American Foundation for Suicide Prevention (2012).  “Facts and Figures: National Statistics.”  Retrieved from http://www.afsp.org/index.cfm?fuseaction=home.viewpage&page_id=050fea9f-b064-4092-b1135c3a70de1fda

Yes Means Yes! No Means No!: Fighting Against the Redefinition of Rape

“However we dress, 

Wherever we go,

Yes means yes,

No means no!!”

–Take Back The Night chant

When I was a Senior at the College at Brockport, I participated in and volunteered for an event called Take Back The Night.  For those who aren’t familiar with Take Back The Night, this historical event took place in Philadelphia in 1975 after a woman was fatally stabbed while walking home from class.  Decades later, Take Back The Night has called for the safety of all women–especially those who were sexually assaulted.

I bring this up because not only is it a cause I care deeply about, but because sexual abuse of any sort leaves a bad taste in my mouth.  So when I read stories about the Republican party attempting to redefine rape as a “method of conception”, the rage that boils within me eats me alive and I fear that I’ll just blackout and end someone’s life.  Take Paul Ryan for instance.  He recently conducted an interview about Representative William Todd Akin, a Missouri Republican Congressman who states that when a woman is raped, her body “shuts down” thus making itself unable to become pregnant.  Oh, here he is:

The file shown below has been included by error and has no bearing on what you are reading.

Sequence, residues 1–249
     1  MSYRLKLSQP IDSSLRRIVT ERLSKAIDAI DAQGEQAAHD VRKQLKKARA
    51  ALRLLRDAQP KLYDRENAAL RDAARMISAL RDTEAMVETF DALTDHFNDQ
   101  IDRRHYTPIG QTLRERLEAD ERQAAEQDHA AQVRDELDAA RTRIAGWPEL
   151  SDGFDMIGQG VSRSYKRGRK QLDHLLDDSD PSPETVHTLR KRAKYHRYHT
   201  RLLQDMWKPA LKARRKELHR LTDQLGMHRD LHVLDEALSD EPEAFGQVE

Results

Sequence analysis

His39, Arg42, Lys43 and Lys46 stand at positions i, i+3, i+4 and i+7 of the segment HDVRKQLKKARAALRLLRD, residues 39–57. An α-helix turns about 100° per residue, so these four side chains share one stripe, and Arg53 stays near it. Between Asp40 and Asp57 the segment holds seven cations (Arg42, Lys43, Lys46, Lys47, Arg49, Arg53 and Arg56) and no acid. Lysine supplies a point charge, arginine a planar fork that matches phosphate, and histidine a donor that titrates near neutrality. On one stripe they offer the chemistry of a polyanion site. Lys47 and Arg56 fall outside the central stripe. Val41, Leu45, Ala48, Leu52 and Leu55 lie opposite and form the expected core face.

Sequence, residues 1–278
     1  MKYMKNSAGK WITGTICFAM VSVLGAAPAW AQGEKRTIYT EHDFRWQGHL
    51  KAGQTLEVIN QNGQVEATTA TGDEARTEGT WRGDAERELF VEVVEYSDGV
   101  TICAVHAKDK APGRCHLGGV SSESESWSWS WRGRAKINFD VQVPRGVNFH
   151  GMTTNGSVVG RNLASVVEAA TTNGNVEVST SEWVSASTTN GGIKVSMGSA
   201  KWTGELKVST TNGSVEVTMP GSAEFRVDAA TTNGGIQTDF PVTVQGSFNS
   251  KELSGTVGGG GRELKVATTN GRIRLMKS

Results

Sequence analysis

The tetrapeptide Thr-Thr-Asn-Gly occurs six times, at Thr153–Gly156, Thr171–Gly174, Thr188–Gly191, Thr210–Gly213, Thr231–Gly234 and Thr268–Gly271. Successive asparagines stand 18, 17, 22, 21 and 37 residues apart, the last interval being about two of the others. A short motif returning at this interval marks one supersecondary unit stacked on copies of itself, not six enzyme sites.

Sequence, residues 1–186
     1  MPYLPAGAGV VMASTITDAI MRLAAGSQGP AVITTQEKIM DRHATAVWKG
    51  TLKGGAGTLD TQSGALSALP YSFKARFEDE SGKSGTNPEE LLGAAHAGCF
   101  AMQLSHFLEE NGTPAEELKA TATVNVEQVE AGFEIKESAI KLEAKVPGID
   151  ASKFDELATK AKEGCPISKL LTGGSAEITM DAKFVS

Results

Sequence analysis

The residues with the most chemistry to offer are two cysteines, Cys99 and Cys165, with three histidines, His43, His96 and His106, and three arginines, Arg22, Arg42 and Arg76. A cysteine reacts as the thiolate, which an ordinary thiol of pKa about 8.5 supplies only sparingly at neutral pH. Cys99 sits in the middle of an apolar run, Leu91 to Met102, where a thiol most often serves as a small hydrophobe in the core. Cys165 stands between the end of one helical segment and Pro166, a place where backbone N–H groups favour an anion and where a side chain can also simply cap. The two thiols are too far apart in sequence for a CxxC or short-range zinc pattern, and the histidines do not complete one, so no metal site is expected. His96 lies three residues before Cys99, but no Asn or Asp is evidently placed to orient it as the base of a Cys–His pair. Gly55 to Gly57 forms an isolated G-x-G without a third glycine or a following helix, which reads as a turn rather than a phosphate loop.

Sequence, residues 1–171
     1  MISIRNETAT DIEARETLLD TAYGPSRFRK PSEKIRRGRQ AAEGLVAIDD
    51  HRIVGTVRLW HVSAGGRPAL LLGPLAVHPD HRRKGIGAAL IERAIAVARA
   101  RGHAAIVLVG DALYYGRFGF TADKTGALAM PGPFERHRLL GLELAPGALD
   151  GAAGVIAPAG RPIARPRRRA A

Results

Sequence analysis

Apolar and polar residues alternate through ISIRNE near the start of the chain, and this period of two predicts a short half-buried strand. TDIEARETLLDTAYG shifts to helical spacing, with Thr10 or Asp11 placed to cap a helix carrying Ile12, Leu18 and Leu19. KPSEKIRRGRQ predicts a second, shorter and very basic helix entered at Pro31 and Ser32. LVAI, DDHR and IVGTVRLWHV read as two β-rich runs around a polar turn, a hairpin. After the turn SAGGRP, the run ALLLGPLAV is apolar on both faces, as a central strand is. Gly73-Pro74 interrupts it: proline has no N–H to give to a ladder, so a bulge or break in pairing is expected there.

Douchebag Number 1

I know.  I also said “What the motherfuck??” when I heard about this. But then he initially receives support from Paul Ryan, the human wad of wet tissue paper running as Vice President alongside Mitt Romney.  In case you don’t know who the hell he is, here’s a picture:

Douchebag Number 2 AND he doesn’t blink.

Please don’t misunderstand me.  I could care less about the two-party system and the drama that comes with it.  Furthermore, I am NOT the type of Radical Leftist who hate every Conservative that crosses the frequency of my radio when I listen to NPR (though I’m very much a Radical Leftist).  But what infuriates me is that what Ryan and Akin are saying and doing is nothing new or shocking.  Rape is one of the most heinous crimes ever committed against any person–no matter the age or gender.  In regions such as the Congo and Afghanistan, rape is used as a weapon of war or ethnic cleansing method against women and young children.  In the Middle East, young boys are raped by men old enough to be their fathers, but it’s not not called rape but bacha bazi–meaning “pretty boy” in the native language.